Yesterday you heard from newspaper editor Kyle Wagner about how to pitch a photo essay to an editor.
Most of my work is published in magazines, where photo essays are less common. But still, photo captions are an important part of the sale of my photos.
If you missed Kyle’s tips on captioning your photos for a photo essay, you’ll find them here.
Following are some tips for writing good photo captions for sales to magazines:
1. Be accurate: I once saw a picture of a “pastelillo” (a half-moon-shaped fritter stuffed with meat or chicken popular in Puerto Rico) captioned as “fried taco.” (I’m not making this up.)
Nothing will lose your credibility with an editor more quickly than providing erroneous information in a caption. The editor will be embarrassed when an alert reader contacts her about the mistake. You will be embarrassed when the editor calls you. And, after that, you will likely never hear from that editor again.
When you’re in the field, especially in unfamiliar territory, assume you know nothing (you will probably be right about that) and get tourism brochures and other information that will help with caption-writing later. Taking pictures of informational plaques or signs is also a good idea. I even carry around a small pad to write down unfamiliar names and other information when nothing else is available.
2. Be truthful: This is a sticky subject since there is no bright line for what you need to disclose and how much manipulation is acceptable. Some publications (mostly newspapers) have specific guidelines regarding what you have to disclose and how much you can manipulate an image, but most do not.
In general, I err on the side of caution and disclose things like whether an animal is in a zoo (I add “captive” at the end of the caption) and whether I used a special digital filter when I edited my photos in Lightroom or Photoshop.
As long as you disclose this information upfront to your editor, it is then up to her to decide whether to use the picture or not. I do not disclose commonly applied enhancements like brightness, contrast and saturation because it is standard practice to optimize these parameters in an image. But if I apply a filter, I’ll say in parentheses after my caption “(digital filter applied).”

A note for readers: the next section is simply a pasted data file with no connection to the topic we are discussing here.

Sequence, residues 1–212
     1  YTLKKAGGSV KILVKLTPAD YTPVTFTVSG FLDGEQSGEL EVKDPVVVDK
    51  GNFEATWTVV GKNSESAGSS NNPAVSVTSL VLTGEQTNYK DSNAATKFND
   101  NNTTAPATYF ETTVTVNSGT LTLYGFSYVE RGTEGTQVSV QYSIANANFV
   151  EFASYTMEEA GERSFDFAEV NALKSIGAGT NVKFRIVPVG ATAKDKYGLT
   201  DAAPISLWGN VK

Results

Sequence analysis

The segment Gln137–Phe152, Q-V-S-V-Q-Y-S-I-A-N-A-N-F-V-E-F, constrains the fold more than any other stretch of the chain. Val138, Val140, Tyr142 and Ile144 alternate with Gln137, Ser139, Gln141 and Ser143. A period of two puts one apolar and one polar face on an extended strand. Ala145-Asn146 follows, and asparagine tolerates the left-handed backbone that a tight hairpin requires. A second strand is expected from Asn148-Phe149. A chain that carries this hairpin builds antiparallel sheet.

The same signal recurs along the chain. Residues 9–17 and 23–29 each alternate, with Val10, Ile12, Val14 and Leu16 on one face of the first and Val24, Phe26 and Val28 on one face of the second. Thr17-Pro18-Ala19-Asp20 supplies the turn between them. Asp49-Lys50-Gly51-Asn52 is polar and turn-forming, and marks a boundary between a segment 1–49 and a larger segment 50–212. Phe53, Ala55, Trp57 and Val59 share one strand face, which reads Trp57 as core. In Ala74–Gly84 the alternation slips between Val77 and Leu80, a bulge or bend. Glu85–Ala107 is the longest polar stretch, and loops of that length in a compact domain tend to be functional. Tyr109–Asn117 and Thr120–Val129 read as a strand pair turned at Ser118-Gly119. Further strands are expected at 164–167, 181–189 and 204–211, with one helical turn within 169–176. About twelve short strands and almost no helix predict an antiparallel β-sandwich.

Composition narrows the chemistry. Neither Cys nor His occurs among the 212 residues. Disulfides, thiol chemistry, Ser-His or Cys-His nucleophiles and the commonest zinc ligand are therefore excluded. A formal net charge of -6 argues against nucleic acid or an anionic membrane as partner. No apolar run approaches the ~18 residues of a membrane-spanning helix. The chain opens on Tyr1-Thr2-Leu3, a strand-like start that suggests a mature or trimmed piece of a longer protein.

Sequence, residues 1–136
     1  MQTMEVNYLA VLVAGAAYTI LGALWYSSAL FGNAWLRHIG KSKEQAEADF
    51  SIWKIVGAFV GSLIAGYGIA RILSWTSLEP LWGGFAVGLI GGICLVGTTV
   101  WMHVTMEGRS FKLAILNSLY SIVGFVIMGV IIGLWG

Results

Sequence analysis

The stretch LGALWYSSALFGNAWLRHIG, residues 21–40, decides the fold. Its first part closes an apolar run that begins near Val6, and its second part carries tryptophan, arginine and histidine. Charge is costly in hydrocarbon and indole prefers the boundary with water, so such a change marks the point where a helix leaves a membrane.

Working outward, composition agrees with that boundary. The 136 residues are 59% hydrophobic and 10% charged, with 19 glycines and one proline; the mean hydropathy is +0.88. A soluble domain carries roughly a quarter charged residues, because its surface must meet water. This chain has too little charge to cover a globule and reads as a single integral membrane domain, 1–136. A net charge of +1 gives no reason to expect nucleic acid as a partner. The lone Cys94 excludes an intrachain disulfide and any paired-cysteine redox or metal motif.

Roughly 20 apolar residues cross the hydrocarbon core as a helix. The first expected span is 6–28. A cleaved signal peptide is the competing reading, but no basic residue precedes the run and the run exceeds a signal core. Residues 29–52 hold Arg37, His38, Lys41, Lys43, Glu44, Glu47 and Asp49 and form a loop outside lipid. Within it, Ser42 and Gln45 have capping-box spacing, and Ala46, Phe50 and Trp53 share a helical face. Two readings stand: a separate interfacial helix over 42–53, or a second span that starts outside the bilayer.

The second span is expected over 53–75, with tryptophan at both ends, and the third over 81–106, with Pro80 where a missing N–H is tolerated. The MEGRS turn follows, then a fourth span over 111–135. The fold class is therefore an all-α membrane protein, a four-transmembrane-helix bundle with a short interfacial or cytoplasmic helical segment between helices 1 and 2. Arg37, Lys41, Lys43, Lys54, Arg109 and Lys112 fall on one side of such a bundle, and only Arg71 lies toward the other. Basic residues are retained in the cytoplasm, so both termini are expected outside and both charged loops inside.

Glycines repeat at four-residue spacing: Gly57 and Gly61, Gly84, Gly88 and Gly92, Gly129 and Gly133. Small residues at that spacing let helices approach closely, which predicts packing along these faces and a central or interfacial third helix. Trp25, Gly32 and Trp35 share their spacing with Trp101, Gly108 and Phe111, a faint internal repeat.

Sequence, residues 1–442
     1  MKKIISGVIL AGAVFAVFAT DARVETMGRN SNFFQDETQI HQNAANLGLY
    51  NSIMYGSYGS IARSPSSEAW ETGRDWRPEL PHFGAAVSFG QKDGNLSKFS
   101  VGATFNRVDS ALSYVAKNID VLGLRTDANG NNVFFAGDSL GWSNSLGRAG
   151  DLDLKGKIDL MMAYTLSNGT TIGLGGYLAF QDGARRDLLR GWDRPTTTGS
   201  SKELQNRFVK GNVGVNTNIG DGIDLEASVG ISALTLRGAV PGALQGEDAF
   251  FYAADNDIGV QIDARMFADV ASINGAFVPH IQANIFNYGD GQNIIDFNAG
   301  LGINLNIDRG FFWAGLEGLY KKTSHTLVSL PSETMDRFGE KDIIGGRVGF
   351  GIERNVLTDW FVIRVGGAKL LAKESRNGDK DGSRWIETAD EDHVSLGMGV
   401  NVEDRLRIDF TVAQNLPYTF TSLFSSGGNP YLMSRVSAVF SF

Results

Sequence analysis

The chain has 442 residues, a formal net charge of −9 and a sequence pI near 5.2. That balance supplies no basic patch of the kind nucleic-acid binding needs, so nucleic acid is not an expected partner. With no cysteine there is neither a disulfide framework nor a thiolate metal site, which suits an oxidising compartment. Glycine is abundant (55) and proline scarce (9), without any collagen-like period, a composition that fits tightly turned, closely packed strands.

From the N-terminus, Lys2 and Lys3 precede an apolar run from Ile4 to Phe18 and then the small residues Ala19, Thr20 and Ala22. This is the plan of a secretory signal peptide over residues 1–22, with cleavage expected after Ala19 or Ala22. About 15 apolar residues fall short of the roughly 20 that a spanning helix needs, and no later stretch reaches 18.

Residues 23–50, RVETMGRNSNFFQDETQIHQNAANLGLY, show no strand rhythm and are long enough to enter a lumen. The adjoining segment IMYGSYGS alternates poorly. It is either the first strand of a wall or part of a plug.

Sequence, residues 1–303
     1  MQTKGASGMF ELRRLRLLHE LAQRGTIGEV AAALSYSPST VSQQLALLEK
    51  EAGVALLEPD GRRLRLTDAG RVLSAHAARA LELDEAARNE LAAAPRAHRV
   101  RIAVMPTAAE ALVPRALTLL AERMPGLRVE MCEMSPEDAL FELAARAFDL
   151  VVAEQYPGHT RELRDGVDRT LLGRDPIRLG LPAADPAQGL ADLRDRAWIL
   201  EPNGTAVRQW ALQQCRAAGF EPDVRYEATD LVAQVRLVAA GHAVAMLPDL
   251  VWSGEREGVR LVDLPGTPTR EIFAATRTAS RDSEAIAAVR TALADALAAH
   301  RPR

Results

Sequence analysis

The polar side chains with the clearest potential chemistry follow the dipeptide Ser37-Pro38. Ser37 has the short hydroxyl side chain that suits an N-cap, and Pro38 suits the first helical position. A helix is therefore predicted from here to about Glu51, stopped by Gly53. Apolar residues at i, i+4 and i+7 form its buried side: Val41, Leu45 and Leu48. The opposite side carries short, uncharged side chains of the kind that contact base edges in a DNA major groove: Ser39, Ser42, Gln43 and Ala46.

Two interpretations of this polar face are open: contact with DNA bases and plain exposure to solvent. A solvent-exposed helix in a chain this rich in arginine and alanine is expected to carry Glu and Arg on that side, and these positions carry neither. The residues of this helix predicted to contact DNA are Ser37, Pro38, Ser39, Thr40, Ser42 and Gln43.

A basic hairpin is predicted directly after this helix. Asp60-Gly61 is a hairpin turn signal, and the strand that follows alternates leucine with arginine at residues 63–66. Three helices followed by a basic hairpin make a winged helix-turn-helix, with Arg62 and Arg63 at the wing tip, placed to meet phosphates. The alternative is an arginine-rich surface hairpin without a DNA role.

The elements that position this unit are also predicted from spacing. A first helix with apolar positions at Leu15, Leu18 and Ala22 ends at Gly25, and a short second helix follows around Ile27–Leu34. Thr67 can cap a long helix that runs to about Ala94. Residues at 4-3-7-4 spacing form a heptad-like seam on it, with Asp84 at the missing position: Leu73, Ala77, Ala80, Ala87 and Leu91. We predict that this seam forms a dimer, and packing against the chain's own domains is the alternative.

3. Be brief and descriptive (and do not state the obvious): Most images already have plenty of information available (a picture is worth a thousand words, right?). So think of your captions as providing supplemental information.
For example, a picture of a castle by the ocean like this…
… might be captioned as follows:
“Cruise ship departing and San Felipe del Morro Castle (1540s-1786), San Juan National Historic Site, Old San Juan, Puerto Rico”.
This caption gives the editor plenty of information in one sentence, whereas something like “Castle by the Ocean and ship” would state the obvious and not provide additional information.
4. Be flexible: Every publication has a different way of captioning photographs, and you should be aware of each magazine’s preferences before submitting your work.
For example, when I submit work to photography magazines in conjunction with a story, I include technical information like f-stops and shutter speeds with my captions, since that’s the kind of information readers expect.
Nature magazine captions typically include scientific names of animals; captions in outdoor enthusiast magazines include the height of a mountain; and so on.
[Editor’s Note: Learn more about opportunities to profit from your travels (and even from your own home) in our free online newsletter The Right Way to Travel.]